Small Non-Encyclopedia of Absurdities and Useless Knowledge. I should
point out that the first version had essentially captured the atmosphere of the latter compilation.
Later — particularly at the time a selection of my short texts
was published in Blok under the title “Textaments” — I more than
once thought about writing a collection of similar texts but with a
central, unified idea running through them, with the figure of Mr.
Hadlíz serving as this idea. At the same time, I largely took Hadlíz
to be my ironical self-portrait. (Of course, it is possible that one
day I’ll write this collection of texts, at which point the figure of
Mr. Hadlíz will be further elucidated . . .)
The first sheet not only determined the central motif of those
that followed but also how they were to be executed. Because the
calendar’s generally conventional color photographs didn’t really
suit me, I decided to leave only a tiny portion of the original
image. This fact, in addition to the cycle’s motif, led me to retain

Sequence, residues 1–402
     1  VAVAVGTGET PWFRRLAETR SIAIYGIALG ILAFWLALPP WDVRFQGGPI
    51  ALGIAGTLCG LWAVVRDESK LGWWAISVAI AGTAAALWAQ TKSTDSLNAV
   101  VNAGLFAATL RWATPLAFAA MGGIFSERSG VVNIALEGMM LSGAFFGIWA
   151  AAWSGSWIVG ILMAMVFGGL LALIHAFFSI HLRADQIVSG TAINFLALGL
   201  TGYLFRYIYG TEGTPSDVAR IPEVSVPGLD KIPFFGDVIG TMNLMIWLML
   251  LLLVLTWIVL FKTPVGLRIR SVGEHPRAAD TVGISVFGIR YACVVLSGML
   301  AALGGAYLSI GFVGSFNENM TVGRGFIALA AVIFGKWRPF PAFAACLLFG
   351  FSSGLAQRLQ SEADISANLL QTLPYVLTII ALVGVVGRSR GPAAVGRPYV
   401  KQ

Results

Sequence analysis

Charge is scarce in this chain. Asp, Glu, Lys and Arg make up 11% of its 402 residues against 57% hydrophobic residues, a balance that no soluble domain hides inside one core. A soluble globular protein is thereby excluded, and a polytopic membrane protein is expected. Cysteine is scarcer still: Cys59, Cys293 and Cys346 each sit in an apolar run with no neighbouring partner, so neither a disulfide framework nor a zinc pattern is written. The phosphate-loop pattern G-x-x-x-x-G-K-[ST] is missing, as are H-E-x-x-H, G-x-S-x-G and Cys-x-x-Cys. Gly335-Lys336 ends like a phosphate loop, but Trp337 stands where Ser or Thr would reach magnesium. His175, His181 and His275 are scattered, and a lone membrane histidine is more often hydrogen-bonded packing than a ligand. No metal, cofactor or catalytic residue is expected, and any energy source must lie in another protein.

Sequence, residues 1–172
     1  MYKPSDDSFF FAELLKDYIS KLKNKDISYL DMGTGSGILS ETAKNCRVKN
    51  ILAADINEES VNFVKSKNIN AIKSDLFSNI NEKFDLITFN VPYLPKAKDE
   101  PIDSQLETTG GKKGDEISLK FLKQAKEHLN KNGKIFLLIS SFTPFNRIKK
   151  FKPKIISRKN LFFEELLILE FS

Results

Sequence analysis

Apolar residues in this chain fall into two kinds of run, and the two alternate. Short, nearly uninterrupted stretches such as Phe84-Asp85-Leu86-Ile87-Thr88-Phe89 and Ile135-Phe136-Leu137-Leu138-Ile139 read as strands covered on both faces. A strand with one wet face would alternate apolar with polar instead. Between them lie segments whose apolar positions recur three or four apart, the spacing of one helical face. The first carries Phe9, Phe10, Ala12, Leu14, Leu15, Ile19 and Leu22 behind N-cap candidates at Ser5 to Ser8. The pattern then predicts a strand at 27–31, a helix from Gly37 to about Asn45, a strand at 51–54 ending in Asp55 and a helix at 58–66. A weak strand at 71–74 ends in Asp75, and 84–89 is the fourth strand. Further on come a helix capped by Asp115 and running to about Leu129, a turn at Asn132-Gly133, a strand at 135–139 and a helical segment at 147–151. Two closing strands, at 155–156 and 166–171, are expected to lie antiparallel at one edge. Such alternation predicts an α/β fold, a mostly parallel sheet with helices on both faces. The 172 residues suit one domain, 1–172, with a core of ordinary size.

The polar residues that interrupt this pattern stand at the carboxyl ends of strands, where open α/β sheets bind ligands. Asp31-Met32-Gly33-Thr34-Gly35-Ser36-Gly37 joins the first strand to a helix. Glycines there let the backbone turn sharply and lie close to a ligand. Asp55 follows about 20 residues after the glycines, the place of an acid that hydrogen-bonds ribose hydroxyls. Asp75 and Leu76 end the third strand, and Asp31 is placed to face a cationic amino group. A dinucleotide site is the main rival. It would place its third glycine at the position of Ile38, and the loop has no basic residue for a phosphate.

the horizontal format of the original. Naturally, the original material will always exercise a limiting effect on the range of possible
interpretations, and it complicates the work as well (as opposed to
froissage* on blank white paper, which can be turned until the
proper angle of perception is chosen). It was also important that at
least the general outline of Mr. Hadlíz have roughly the same
dimensions on each sheet. I followed this rule throughout save in a
few instances: on sheet no. 8 (h), where only the bust is depicted,
though on a larger scale; partially on sheet no. 9 (i), where the
monster’s figure is slightly smaller; and on the last sheet, which was
*See About the Author and His Work. [Tr.]
intentional, since Mr. Hadlíz multiplies and breaks up into a swarm
of four separate figures. The scale of the figure on the penultimate
sheet, as well as on the one preceding it, is a little too large . . . The